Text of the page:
Hamilton County Education Services Center


Mathematics Resources

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Hechinger Report | There are no miracles, but there are teachers: An educator’s view on the Common Core

Hechinger Report | There are no miracles, but there are teachers: An educator’s view on the Common Core | College and Career-Ready Standards for School Leaders | Scoop.it
Ask 10 fifth-grade teachers how they teach fractions, and you’ll probably get 10 different answers. That’s the beauty of teaching: part art, part science, all creativity.


Will the Common Core State Standards change that? Will we suddenly have a nation of automatons at the front of our classrooms, delivering identical lessons?


As a teacher, I think not. To me, the Common Core represents an empowering opportunity for teachers to collaborate, exchange best practices and share differing curricula­—because a common set of standards is not the same thing as a common curriculum.

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Common Core Implementation Rubric and Self-Assessment Tool | PARCC

Common Core Implementation Rubric and Self-Assessment Tool | PARCC | College and Career-Ready Standards for School Leaders | Scoop.it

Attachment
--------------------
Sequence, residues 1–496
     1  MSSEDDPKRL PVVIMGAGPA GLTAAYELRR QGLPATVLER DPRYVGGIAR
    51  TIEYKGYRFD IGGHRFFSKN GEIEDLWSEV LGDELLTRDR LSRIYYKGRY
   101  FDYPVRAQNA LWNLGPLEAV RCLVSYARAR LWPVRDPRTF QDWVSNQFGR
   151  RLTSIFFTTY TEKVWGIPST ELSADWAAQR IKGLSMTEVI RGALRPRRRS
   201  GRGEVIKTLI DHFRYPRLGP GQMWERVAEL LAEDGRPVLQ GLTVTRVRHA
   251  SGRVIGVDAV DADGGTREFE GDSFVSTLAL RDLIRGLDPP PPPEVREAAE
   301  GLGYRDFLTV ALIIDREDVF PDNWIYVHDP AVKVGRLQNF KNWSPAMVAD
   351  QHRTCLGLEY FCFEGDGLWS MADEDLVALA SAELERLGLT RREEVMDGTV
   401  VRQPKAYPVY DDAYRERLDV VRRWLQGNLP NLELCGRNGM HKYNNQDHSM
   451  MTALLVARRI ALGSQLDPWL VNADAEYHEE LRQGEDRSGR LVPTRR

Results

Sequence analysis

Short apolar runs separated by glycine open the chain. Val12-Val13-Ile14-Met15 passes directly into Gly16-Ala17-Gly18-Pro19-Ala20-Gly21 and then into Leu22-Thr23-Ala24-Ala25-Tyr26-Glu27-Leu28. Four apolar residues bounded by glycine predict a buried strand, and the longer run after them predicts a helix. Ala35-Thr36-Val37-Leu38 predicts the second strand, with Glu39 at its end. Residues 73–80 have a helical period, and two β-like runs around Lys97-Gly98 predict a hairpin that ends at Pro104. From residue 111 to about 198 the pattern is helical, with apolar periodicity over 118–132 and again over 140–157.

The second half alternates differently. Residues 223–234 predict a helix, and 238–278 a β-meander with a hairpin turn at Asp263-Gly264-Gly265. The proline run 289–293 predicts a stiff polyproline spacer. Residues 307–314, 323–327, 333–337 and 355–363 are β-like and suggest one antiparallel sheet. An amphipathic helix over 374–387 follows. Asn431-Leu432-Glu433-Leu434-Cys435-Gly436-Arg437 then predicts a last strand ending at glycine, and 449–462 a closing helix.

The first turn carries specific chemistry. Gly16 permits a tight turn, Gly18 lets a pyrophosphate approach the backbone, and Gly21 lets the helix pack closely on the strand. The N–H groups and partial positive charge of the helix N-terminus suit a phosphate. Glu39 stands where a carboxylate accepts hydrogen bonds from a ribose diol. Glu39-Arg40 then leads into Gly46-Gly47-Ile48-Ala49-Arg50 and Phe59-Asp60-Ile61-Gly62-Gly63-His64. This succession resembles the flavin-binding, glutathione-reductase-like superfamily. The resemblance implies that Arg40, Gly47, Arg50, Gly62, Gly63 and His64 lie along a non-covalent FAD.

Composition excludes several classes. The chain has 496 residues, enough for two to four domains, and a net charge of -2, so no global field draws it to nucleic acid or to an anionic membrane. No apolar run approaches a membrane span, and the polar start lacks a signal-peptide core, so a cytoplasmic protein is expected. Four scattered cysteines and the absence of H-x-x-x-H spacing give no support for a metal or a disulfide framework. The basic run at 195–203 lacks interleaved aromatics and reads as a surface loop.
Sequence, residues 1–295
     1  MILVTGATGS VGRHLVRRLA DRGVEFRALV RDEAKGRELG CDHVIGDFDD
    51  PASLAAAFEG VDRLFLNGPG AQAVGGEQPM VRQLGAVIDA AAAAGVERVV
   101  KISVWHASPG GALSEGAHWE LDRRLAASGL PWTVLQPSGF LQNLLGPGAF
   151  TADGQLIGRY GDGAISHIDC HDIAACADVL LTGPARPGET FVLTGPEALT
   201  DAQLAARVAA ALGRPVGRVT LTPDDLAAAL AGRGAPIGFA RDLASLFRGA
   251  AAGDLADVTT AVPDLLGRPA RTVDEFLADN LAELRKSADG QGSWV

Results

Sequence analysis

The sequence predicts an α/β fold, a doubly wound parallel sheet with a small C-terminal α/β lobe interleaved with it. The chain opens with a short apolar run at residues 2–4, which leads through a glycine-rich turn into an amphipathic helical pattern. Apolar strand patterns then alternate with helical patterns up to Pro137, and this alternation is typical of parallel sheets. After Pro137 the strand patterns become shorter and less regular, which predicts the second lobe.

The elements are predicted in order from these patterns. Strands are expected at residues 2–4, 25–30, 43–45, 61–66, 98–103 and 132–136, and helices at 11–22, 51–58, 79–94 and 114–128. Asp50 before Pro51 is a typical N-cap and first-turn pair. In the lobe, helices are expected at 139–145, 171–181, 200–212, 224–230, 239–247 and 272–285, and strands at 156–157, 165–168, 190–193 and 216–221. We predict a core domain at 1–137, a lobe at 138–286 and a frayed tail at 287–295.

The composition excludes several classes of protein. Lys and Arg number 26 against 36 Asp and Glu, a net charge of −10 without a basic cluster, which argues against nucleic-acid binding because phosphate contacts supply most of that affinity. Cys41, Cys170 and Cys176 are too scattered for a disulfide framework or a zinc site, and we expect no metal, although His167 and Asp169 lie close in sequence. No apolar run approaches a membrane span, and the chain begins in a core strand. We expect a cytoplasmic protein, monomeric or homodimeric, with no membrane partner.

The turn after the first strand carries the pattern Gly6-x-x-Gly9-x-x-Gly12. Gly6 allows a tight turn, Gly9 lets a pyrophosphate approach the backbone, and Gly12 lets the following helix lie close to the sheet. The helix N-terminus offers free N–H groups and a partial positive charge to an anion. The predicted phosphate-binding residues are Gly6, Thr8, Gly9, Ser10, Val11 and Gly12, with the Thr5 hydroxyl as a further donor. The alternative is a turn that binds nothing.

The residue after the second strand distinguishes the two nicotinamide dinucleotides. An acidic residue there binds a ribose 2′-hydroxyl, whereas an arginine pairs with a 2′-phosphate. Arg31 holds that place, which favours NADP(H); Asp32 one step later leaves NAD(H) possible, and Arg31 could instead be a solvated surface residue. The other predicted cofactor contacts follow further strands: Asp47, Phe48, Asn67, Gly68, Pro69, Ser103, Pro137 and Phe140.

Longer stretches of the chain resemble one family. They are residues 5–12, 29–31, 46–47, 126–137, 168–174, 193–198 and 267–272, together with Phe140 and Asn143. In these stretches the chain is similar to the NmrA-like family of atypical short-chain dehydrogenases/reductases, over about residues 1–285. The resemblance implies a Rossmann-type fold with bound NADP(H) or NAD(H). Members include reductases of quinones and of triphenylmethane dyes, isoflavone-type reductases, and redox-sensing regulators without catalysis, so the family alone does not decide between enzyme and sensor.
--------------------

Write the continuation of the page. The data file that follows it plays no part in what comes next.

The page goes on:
Mere adoption of the Common Core State Standards will be insufficient.


Success in each state will hinge on implementation:

  • the strategies used to improve instruction in every classroom,
  • the tiered supports provided to all students
  • policy changes to promote coherence and alignment and a commitment to building and maintaining widespread understanding of and support for the new standards.


To assist states in gauging the strength of their implementation plans and to illustrate how to improve them, Education First and Achieve have partnered on the development of a new “Common Core State Standards Implementation Rubric and Self-Assessment Tool.” This is no easy task, and will require states to assume a far stronger leadership role than most have in the past. This tool sets a high quality standard for a strong state role, provides some concrete details and examples to help state leaders get there and profiles some promising state approaches. Recognizing differences in state tradition, restrictions and authority for education as well as the central role of districts and other partners in implementation, the rubric identifies a strong state role that attends to three essential outcomes: